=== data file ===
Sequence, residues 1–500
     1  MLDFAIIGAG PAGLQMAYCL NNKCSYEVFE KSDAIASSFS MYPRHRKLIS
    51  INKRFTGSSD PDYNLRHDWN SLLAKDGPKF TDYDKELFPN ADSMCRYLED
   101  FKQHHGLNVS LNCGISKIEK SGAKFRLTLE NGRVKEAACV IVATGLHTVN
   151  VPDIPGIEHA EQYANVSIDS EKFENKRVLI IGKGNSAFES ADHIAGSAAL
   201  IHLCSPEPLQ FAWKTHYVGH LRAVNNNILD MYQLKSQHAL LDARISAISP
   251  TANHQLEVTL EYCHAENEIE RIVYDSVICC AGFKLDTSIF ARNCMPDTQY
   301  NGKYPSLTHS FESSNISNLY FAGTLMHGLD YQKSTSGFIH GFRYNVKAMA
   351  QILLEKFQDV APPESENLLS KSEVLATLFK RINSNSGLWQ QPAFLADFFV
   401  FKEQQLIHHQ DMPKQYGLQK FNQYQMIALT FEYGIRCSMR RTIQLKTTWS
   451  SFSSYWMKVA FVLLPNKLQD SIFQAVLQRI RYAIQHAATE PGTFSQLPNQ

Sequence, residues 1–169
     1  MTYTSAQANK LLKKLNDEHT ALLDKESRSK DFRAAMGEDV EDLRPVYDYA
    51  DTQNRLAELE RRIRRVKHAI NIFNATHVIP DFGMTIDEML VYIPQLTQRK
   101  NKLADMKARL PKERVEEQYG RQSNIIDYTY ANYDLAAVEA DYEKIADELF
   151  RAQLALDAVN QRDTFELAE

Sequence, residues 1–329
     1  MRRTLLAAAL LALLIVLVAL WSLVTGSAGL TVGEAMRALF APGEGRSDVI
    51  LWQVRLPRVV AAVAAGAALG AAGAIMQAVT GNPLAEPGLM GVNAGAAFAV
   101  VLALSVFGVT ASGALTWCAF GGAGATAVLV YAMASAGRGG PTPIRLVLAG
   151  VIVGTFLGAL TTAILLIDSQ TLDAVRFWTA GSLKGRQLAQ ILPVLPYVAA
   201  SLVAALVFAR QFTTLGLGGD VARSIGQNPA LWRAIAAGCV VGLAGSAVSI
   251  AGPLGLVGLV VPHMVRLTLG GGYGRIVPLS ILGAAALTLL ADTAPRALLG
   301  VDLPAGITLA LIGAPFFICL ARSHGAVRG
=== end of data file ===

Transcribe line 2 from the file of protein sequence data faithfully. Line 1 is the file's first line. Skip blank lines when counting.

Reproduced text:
     1  MLDFAIIGAG PAGLQMAYCL NNKCSYEVFE KSDAIASSFS MYPRHRKLIS